The ultrasound probe will be placed in a transverse plane over the classical block site, at the level of the superior nuchal line, with the center of the probe at about 2-3 cm lateral to the external occipital protuberance. The GON will be identified in the short axis plane, Then, under real-time scanning, A 22 G canula will be advanced guided with ultrasound using an in-plane (IP) technique from lateral to medial to position the tip of the canula exactly at the center of the nerve. Thereafter, 2 ml of bupivacaine 0.5% will be injected to block the nerve. This technique will then be repeated on the other side.

Vital signs (heart rate, arterial blood pressure, and SpO2) will be monitored continuously And recorded every 30 minutes intraoperatively, and at 2, 4, 6, 8, 12, 16, and 24 hours postoperatively. Bradycardia (heart rate less than 60 beats/minute) will be treated with atropine (0.02mg/kg IV). Fentanyl 0.5 µg /kg as rescue analgesia will be given if HR and systolic BP increased >20% of base line up to maximum 5 µg/ kg. 15 mg/kg of IV paracetamol will be given at the beginning of dural closure at the end of the procedure for both groups.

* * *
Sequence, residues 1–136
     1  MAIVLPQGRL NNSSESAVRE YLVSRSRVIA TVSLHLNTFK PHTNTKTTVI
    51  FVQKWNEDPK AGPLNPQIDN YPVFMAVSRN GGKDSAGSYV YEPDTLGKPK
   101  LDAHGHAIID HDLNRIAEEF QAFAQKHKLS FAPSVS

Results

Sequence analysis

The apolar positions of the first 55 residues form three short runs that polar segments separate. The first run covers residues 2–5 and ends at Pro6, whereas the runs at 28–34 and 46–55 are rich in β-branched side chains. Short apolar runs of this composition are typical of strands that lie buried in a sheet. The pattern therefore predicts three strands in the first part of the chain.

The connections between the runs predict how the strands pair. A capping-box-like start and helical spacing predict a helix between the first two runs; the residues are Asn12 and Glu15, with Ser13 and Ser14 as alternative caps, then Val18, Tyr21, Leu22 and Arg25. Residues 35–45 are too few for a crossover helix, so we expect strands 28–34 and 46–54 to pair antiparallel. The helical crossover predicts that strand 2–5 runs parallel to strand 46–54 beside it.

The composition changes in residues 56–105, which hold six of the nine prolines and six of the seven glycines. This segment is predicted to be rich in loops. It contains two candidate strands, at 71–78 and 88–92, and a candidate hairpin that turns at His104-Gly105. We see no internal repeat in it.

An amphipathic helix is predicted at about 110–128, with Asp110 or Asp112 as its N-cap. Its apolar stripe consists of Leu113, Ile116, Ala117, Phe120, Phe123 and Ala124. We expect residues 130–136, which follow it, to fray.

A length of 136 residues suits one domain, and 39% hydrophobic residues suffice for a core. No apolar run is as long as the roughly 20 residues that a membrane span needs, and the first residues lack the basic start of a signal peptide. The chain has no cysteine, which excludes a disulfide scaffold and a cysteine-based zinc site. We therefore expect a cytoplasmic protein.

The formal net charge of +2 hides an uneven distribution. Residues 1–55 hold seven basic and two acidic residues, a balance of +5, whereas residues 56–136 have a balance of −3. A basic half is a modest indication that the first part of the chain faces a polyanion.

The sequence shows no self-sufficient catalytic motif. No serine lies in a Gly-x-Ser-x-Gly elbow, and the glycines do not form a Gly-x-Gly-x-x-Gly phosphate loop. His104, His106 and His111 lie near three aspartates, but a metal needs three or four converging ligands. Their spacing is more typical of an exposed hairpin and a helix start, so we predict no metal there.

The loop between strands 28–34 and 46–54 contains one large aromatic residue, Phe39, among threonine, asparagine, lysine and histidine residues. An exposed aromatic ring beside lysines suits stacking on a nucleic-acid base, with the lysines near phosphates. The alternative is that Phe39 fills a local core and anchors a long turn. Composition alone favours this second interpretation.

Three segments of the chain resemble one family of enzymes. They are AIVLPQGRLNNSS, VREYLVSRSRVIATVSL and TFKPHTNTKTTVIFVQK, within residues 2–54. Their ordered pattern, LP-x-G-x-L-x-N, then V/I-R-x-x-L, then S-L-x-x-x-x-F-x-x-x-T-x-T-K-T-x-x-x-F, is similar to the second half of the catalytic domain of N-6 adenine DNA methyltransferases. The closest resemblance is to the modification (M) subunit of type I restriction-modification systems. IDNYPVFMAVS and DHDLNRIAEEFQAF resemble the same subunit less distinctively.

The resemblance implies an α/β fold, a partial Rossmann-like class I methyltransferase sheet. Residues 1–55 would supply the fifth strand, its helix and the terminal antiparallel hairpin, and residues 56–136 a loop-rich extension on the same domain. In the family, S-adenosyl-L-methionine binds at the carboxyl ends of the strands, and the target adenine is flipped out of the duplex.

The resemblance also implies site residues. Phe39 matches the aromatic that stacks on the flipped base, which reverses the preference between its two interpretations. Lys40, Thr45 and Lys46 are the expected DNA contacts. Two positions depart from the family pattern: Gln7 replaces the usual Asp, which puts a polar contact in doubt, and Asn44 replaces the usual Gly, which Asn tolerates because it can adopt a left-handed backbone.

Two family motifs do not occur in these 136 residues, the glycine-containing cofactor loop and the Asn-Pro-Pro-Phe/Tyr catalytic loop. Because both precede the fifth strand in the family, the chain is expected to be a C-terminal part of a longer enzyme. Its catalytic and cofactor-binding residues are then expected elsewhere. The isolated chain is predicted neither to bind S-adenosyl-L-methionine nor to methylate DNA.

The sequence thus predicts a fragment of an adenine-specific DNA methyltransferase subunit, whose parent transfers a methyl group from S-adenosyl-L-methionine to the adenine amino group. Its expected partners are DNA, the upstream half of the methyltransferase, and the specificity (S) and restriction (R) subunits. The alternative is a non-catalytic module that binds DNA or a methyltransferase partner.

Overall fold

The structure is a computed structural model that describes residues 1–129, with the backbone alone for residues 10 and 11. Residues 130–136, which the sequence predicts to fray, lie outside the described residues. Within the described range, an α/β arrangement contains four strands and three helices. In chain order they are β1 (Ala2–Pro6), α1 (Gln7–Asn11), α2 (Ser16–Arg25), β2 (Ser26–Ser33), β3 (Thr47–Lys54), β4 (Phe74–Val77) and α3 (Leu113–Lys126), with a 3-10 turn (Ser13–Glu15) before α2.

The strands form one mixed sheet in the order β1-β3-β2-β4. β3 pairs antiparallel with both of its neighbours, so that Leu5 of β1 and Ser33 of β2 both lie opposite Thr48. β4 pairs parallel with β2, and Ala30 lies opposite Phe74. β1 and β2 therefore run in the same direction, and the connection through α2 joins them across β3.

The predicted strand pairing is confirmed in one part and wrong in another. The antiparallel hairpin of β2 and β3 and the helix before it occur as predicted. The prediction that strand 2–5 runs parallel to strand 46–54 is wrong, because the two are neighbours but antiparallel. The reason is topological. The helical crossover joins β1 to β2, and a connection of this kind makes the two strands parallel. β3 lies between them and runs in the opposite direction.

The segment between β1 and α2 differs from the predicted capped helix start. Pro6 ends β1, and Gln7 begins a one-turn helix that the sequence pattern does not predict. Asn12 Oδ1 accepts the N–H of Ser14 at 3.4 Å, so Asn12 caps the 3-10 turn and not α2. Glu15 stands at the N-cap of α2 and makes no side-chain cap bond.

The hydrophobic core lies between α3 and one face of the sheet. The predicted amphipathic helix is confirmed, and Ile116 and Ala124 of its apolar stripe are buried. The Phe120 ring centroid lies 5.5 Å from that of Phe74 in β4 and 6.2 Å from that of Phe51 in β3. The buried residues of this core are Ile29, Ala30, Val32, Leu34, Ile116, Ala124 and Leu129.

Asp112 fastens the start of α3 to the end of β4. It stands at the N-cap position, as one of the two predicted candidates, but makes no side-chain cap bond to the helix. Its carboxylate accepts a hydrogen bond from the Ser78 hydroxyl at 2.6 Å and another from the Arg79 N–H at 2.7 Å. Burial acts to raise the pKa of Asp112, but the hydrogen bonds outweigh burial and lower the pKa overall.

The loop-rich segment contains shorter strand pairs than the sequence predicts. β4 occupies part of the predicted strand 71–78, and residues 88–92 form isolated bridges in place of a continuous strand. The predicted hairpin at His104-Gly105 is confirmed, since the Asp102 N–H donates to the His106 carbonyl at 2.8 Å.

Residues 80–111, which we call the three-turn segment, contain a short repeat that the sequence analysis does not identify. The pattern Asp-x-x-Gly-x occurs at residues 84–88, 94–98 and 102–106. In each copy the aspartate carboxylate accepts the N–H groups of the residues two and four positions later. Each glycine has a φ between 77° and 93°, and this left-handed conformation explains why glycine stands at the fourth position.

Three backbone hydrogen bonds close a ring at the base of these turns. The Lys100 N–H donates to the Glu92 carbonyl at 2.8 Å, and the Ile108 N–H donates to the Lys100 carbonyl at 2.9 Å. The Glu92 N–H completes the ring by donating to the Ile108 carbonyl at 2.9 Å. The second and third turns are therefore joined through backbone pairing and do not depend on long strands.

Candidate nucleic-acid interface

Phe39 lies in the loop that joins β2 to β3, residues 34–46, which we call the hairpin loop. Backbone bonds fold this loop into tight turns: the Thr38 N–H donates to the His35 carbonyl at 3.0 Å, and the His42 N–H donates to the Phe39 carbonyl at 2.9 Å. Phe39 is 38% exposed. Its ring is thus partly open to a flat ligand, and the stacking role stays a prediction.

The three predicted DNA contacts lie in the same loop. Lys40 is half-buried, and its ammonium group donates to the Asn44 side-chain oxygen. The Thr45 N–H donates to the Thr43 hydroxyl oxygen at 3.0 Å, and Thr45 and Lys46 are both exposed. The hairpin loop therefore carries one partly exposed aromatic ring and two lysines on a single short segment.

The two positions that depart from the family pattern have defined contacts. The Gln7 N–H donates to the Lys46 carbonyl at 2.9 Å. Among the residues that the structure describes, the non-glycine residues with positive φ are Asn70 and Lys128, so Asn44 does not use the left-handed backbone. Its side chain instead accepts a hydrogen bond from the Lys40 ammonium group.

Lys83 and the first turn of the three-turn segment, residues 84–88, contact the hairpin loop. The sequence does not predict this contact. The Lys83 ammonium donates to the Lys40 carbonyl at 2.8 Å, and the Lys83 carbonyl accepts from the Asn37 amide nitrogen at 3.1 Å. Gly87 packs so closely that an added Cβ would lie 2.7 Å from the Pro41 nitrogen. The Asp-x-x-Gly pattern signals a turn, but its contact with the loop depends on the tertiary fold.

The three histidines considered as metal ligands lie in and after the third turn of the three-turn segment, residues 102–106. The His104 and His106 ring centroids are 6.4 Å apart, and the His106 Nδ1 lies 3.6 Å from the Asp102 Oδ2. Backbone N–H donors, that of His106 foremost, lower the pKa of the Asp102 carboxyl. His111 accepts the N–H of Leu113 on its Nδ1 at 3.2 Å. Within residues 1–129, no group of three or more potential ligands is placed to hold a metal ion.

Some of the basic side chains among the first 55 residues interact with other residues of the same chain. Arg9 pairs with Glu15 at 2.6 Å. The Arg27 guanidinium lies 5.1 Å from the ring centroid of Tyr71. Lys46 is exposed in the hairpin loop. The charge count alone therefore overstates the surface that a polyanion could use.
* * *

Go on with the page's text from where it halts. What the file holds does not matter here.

Postoperative assessment and analgesic regimen:

Objective Pain Scale (OPS) will be assessed at 2, 4, 6, 8, 12, 16, and 24 hours postoperatively. The time to the first request of rescue postoperative analgesic will be: "the time interval between the onset of GONB and the first request to postoperative analgesia and or OPS score ˃2-3". When patients first complain of pain (OPS score ˃2-3) an intravenous paracetamol 15mg/kg will be given and will be repeated every 6 hours. Persistent or breakthrough pain will be managed with incremental intravenous morphine at a dose of 0.05mg/kg to maintain resting OPS at < 2-3. Cumulative 24 hours analgesic consumption will be recorded.

Study Design

Conditions

Posterior Fossa Tumor

Intervention

ultrasound guided Greater occipital nerve block, control group C

Status

Active, not recruiting

Source

Kasr El Aini Hospital

Results (where available)

View Results

Links

Published on BioPortfolio: 2018-12-07T00:43:11-0500